- Some lenders have begun to offer deferral options for mortgages and other credit products to avoid having their customers default. Contact your lender to see if you qualify.
- Take advantage of other deferral or hardship provisions.
- For self-employed and small businesses, Revenue Canada has advised they will be providing an extension for tax filing and payments. Investigate what can help you manage your cash flow but realize you will have to catch up eventually.
- Don’t hesitate to talk with other creditors about a deferral. If you don’t ask, you won’t know what they will say.
For up to date information and advice for anyone carrying debt and have concerns, you can stay current at the Hoyes, Michalos website here. It’s written by Doug Hoyes himself, and is called Managing Bill Payments During the Debt Crisis.
What is happening with Mortgage Interest Rates in Canada?
Rob McLister over at RateSpy is as good as it gets for well researched intel on all things mortgage related in Canada. He says “if you are shopping for a brand new mortgage the safest bet is get a rate hold ASAP.”
The reason is that mortgage interest rates are actually going up these days. Especially fixed rates.The news has been all about recent Bank of Canada rate cuts and the major banks cutting their prime lending rate, but the upshot has been mortgage lenders are concerned there is a looming liquidity crisis. #MortgageInterestRates Click To Tweet
Kelly Neuber from Mortgage Intelligence says “Ultimately, it’s the lender’s decision on whether – and how much of – the rate cut will be passed along to the end consumer. Lenders are naturally concerned about liquidity and the potential for an increase in mortgage defaults.”
Here is an article from Steve Huebl at Canadian Mortgage Trends which explains what’s going on. https://www.canadianmortgagetrends.com/2020/03/mortgage-rates-rising/
Is now a good time to have a variable rate mortgage in Canada?
And while the Prime rate has dropped a full percentage point recently, new variable rate mortgages are no longer being offered at deep discounts to Prime.
If you already have a deep discounted variable rate mortgage, you are in great shape. With Prime today at 2.95%, your mortgage interest rate might be around 2%, give or take. But if you are choosing a new mortgage today it will be very hard to find a deep discounted variable rate mortgage. Many lenders have repriced their variable rate mortgages to be around Prime.
And, whereas the banks have all dropped their Prime rate, some monoline lenders, typically a consumer friendly mortgage choice, have not dropped their Prime rate a second time – saying they will decide on April 01. So in this case, the potential savings are not being passed on to their customers.
What type of mortgage rate you choose today still comes down to your own unique risk/reward profile. More than over, you need an expert in your corner.
Susan Thomas, regional manager at Mortgage Intelligence, lightened the mood this week with a graphic explaining the mortgage interest rate outlook:
What about impact of COVID-19 on consumer insolvencies in Canada?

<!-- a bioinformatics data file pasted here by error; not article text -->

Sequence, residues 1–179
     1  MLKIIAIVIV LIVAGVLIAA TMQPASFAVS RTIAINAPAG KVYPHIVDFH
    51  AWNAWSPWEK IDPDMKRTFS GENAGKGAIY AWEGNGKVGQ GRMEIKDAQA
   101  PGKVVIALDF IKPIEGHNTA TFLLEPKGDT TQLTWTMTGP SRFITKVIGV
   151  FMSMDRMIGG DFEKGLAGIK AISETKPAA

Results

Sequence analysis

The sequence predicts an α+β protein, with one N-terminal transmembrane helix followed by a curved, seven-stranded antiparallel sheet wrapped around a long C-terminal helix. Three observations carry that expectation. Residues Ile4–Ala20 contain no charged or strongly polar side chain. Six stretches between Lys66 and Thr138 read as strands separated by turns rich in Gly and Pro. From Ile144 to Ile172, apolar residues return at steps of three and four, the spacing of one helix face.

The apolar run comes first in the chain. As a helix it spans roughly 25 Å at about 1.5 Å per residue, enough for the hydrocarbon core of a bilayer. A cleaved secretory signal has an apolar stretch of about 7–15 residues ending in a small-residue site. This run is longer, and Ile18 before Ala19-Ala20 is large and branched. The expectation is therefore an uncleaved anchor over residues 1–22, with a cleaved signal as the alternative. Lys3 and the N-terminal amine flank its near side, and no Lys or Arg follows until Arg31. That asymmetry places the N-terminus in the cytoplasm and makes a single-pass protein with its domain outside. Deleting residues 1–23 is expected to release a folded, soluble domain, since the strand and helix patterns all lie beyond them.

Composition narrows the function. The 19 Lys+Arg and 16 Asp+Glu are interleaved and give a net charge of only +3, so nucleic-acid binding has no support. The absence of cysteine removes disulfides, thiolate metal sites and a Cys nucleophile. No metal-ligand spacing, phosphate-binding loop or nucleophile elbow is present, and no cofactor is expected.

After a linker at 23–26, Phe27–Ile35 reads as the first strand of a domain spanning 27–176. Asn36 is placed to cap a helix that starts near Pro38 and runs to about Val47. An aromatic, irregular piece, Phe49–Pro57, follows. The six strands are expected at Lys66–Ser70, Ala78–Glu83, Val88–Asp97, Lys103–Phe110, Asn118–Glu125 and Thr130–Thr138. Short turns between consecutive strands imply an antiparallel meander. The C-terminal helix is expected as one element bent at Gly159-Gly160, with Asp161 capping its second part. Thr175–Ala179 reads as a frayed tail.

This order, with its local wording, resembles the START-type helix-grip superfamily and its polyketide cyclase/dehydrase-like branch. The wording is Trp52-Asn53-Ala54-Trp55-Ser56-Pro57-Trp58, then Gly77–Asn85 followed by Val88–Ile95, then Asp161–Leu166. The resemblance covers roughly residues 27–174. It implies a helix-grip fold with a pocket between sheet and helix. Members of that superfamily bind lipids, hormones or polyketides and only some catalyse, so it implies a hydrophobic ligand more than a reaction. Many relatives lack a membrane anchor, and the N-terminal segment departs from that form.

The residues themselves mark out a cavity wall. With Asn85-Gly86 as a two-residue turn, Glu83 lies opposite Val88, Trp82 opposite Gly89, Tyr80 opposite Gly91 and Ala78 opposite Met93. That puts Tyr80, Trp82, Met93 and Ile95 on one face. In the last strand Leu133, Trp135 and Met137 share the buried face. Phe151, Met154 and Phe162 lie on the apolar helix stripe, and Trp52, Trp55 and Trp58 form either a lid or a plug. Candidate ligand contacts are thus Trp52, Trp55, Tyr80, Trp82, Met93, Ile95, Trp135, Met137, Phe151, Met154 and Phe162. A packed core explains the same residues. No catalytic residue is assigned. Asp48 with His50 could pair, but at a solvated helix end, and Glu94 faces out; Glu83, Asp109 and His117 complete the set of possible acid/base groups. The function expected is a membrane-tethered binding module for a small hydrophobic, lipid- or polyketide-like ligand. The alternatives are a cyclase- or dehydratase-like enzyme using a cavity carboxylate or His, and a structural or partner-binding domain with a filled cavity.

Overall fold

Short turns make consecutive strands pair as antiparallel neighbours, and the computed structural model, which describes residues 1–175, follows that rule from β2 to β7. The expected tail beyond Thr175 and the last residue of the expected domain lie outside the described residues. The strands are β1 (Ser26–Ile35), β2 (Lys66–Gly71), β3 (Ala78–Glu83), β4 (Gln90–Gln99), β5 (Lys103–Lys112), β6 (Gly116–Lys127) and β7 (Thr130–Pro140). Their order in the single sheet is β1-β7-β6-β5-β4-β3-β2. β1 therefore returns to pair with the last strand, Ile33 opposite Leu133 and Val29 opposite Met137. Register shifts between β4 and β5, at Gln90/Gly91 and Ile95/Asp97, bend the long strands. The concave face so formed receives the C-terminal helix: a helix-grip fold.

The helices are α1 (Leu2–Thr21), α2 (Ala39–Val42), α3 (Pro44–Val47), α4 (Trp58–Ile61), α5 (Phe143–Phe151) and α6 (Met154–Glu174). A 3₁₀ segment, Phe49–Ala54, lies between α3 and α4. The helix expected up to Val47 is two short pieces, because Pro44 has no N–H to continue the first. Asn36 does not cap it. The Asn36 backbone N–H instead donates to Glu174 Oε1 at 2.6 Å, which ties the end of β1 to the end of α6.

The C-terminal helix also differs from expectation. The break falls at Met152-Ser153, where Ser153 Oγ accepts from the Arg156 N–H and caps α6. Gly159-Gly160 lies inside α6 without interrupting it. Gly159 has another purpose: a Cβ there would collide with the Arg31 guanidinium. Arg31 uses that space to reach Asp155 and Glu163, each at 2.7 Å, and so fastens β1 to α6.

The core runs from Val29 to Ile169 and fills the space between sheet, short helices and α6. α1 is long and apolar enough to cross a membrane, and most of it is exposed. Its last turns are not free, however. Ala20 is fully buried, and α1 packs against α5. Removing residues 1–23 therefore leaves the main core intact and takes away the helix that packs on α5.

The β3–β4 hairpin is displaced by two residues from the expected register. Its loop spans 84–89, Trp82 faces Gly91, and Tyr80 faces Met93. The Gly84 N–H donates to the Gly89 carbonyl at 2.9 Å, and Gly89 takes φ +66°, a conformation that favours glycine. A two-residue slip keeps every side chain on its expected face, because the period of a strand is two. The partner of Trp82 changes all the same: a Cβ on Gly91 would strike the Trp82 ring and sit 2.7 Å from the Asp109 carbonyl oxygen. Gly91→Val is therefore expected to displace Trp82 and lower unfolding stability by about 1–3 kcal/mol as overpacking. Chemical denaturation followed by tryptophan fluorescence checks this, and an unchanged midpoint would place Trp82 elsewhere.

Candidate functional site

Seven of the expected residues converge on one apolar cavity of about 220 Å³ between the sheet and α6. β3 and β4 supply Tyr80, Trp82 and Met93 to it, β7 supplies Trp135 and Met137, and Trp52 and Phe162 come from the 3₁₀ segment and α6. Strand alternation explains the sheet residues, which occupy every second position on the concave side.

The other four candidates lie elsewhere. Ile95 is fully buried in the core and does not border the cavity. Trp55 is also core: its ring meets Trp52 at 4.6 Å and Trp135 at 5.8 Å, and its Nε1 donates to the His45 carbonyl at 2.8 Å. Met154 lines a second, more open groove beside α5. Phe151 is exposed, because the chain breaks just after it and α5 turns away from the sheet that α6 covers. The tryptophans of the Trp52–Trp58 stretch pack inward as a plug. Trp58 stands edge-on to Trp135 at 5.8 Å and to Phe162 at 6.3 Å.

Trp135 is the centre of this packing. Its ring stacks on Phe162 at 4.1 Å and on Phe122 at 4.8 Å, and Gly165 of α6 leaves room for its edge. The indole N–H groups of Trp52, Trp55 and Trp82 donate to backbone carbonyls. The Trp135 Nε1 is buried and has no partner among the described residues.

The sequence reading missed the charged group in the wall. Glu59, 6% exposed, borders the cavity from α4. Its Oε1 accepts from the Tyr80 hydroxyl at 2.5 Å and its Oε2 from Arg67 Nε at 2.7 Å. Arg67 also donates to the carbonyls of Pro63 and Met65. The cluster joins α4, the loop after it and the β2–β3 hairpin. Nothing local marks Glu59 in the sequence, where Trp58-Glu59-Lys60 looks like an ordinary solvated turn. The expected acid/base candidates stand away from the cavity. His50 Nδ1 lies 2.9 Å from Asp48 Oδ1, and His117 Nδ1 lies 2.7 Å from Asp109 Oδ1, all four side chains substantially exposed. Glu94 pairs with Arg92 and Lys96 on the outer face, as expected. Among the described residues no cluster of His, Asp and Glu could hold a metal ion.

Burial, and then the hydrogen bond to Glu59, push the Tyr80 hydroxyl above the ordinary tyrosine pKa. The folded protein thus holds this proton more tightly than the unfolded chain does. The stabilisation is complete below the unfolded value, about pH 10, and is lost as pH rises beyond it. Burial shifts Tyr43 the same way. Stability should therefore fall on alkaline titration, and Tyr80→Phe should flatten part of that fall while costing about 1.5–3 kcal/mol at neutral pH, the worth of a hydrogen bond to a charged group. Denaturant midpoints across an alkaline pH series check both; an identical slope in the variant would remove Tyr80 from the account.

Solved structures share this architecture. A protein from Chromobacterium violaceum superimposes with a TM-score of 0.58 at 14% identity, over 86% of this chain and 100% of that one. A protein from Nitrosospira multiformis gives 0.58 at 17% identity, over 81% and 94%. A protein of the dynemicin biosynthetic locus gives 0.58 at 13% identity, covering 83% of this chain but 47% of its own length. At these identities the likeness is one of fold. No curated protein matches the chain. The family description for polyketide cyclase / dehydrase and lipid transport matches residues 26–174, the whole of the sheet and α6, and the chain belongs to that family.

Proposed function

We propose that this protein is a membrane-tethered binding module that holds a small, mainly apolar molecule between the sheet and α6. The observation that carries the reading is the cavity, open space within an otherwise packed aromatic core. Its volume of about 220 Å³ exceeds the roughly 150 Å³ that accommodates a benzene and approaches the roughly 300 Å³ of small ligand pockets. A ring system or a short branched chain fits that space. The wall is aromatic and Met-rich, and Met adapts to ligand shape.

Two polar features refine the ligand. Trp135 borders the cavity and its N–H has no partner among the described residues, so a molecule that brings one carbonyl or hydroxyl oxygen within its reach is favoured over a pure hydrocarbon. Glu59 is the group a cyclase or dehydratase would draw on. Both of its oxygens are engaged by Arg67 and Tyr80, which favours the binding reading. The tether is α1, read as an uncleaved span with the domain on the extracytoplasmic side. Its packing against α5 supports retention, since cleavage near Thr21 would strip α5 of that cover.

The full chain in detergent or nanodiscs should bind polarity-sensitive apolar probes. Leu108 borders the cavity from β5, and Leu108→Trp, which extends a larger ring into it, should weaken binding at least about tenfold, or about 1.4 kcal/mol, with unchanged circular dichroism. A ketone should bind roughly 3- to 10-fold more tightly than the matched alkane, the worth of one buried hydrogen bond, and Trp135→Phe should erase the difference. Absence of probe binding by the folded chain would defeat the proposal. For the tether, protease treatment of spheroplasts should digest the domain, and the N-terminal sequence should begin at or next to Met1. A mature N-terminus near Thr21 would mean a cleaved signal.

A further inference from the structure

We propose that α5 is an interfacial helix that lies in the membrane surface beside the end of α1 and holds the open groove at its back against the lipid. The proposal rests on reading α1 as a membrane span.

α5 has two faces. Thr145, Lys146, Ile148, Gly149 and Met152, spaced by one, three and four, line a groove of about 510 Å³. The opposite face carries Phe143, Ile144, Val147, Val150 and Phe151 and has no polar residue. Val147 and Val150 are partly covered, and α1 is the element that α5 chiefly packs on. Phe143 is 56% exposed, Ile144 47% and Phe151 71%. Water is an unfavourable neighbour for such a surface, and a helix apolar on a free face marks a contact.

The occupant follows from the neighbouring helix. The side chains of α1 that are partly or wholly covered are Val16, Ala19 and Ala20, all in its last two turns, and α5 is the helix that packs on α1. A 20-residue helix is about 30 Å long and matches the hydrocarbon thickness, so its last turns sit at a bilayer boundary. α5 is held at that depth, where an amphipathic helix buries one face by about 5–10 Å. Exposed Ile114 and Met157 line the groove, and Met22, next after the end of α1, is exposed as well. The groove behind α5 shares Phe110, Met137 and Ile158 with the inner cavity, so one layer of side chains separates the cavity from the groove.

Ross was cited in a recent article on consumer insolvencies, written by Steve Huebl at Canadian Mortgage Trends.
Steve wrote “The rate of Canadians filing for insolvency in January 2020 rose 8.7% compared to the previous month, according to recent data from the Office of the Superintendent of Bankruptcy.
That figure includes both bankruptcies and consumer proposals. Broken down, bankruptcies were down 1.7% while proposals jumped 15.5%. This follows a record year for insolvencies in 2019, which saw a total of 137,178–the second highest number of annual filings in Canada ever, and a 9.5% increase from the previous year.The problem may not necessarily be Canadians taking on more debt, but rather using the credit facilities they already have access to, according to some.#TooManyDebts Click To Tweet
“What I see is a significant number of people who incorporate tapping into available credit as a means to supplement income,” Ross Taylor, a mortgage agent with Concierge Mortgage Group and a licensed insolvency counsellor, told CMT.
“Unfortunately, this beast needs to be fed, as even minimum monthly payments barely make a dent in the balance owing. As time goes by the amount owed becomes overwhelming and there is no logic to continuing.”
Ross adds that the data will only become more bleak in the coming months.
‘Remember that the stats cited in this report are from a period of economic goodness,” he said. “We seem on a collision course with a recession, and when that comes, we will see a further spike in personal insolvencies.’ ”
What is the impact of COVID-19 on Canadian Real Estate?
There seems no doubt that we are approaching a recession, and in fact there is some fear of a pending depression. That’s basically a recession gone very bad. It’s hard to be bullish about anything with such news. Ultimately, it all comes down to how quickly can the world get back to normal. Normal is a strong, healthy real estate market – if anything, it was too healthy and strong right up till a couple of weeks ago.
The home sales process is going through a transition now. Not so many listings and showings as home visits are not prudent during this time of social distancing. This affects potential buyers as well as tradespeople, home inspectors and appraisers. People are adapting. It takes time, and yet all these societal changes are happening really fast.